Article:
Slowing Science Down

Science is moving fast right now. The novel coronavirus pandemic has created the conditions for rapid knowledge generation. But is fast science always a good thing? Several of the essays in the Spring 2020 Issues reveals that the institutional arrangements for science need to allow space for things to slow down—and that there are considerable costs to not doing so.

Editor's Journal

  • Slow Science, Fast Science

    Science is moving fast right now. The novel coronavirus pandemic has created the conditions for rapid knowledge generation: about the virus itself, its behavior in individual humans and societies, the social interventions… Read More

Forum

Perspectives

Features

Book Reviews

  • SCIENCE AND THE STATE by John Gascoigne

    Powerful Knowledge

    The relationship between government and scientific research, broadly conceived, is central to the quest for human betterment and the sustainability of the planet. Only the state has the resources, legitimacy, and authority to identify, fund, and deploy the important advances developed by research in the public interest.

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  • AFTER GEOENGINEERING by Holly Jean Buck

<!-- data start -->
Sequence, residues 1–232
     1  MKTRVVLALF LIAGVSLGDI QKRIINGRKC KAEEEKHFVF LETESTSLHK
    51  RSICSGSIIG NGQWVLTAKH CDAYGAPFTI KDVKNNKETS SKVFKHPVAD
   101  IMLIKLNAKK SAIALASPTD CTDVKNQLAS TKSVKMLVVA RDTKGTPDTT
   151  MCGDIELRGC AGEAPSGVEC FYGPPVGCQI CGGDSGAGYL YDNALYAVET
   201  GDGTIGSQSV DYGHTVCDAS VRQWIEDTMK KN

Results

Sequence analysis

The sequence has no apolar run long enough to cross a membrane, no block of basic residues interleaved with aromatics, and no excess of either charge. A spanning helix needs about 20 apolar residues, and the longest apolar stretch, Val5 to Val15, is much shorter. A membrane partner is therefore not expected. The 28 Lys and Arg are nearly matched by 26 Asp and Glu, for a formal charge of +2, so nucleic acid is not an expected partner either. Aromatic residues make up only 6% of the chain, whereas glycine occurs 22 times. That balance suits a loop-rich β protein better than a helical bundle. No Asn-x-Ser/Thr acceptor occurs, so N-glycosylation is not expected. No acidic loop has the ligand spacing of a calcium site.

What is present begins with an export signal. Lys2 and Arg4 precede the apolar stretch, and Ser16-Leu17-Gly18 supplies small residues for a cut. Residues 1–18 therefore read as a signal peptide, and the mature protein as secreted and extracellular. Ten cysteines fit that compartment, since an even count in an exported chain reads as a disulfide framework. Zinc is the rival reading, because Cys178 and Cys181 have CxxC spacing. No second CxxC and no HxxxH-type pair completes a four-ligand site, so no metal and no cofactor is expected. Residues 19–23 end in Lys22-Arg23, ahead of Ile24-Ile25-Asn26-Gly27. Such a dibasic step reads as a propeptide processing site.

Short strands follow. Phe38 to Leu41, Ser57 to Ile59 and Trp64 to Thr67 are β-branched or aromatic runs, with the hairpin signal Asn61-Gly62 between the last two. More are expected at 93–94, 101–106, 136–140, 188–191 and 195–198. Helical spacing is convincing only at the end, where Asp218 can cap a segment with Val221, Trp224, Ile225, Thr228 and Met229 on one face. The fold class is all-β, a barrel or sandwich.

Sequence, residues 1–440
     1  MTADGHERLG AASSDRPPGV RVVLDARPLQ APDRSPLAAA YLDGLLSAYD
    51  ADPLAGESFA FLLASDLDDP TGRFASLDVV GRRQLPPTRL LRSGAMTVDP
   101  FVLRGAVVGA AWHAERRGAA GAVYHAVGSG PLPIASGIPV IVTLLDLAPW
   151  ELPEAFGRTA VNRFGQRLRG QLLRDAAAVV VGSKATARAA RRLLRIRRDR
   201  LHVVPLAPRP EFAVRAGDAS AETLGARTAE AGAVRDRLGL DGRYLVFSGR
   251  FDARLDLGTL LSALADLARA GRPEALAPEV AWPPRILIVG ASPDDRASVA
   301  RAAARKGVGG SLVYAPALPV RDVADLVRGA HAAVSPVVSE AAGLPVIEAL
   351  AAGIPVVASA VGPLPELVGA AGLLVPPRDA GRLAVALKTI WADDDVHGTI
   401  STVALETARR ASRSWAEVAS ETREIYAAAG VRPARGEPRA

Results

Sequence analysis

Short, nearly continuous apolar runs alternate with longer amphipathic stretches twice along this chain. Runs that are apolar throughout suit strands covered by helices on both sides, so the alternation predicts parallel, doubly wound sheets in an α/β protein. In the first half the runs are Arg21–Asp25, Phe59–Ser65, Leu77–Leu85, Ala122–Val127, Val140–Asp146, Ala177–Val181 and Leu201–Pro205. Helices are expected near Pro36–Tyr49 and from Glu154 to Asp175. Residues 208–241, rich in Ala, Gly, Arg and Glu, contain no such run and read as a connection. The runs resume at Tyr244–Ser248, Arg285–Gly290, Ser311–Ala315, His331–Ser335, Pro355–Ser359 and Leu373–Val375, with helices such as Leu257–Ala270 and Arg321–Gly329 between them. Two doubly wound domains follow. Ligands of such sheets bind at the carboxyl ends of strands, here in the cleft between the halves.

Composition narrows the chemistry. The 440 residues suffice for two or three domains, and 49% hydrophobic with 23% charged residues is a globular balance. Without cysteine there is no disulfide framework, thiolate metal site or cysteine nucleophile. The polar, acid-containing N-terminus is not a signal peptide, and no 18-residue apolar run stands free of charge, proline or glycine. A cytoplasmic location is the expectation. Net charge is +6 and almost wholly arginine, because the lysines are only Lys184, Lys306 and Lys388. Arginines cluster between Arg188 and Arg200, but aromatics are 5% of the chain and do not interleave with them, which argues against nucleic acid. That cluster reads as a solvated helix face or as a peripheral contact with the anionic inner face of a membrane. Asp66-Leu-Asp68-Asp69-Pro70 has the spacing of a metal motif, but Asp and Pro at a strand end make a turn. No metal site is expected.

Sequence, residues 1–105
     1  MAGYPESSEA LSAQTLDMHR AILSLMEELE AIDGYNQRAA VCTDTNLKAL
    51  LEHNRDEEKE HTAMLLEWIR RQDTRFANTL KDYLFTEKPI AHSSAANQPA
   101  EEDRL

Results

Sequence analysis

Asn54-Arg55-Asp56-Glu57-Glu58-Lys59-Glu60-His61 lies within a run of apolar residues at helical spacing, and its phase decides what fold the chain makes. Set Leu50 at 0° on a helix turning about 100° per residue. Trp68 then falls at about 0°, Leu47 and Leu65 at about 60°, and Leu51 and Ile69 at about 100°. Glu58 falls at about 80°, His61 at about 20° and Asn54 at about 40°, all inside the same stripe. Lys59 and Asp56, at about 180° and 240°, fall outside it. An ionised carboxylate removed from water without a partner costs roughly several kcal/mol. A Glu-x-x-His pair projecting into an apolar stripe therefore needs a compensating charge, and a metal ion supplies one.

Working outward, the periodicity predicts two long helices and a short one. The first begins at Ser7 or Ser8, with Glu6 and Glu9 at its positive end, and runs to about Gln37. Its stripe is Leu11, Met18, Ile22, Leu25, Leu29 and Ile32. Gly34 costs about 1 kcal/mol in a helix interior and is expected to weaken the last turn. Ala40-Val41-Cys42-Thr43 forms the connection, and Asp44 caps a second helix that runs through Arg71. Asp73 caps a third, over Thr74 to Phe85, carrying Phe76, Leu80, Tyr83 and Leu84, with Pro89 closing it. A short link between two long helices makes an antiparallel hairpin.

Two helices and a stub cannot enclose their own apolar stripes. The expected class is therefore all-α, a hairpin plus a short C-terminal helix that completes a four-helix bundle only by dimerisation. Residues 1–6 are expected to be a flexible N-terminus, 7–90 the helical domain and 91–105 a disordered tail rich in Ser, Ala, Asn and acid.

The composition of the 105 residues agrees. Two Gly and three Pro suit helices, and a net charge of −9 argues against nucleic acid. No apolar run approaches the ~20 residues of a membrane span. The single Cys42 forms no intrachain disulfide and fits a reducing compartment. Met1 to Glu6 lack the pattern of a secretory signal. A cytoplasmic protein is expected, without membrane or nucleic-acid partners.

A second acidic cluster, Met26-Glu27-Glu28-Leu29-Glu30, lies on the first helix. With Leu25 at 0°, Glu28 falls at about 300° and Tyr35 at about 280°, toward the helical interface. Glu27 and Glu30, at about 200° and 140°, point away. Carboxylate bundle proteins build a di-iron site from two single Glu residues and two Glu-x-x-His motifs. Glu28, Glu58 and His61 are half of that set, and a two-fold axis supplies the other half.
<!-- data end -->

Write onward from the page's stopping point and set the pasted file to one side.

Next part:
Whatever Human Makes

    To critics of geoengineering, altering the amount of incoming solar radiation by spraying the stratosphere with aerosols is crazy; on the other hand, the more the climate warms, the more a drastic solution seems appealing, and garners the kind of attention that turns into research funding.

    Read More
  • Alex Rosenblat, "Uberland"

    Inside the Gig Economy

    Uberland details Uber’s growth model, which hinges on ignoring municipal regulation to enter new cities without heeding relevant taxi, registration, or background check regulations. Cities that have attempted to ban or restrict Uber struggle to enforce these restrictions.

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  • The Gift of Global Talent by William R. Kerr

    Shutting the Door

    US policy, rather than seeking to attract talented individuals, has thrown up barriers to make immigration—and sometimes even short-term visits by scientists and engineers, including internationally known and respected experts—difficult and complicated.

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  • "GMOs Decoded" by Sheldon Krimsky

    Promise or Peril?

    I was looking forward to a book that delves into these issues and provides what a blurb on the back of GMOs Decoded calls “an authoritative and balanced examination of the scientific and policy debates about GMOs.” But after I’d finished the book I recalled Jake, the hero of Ernest Hemingway’s The Sun Also Rises, lamenting a doomed relationship with the weary skepticism I was starting to feel: “Isn’t it pretty to think so?”

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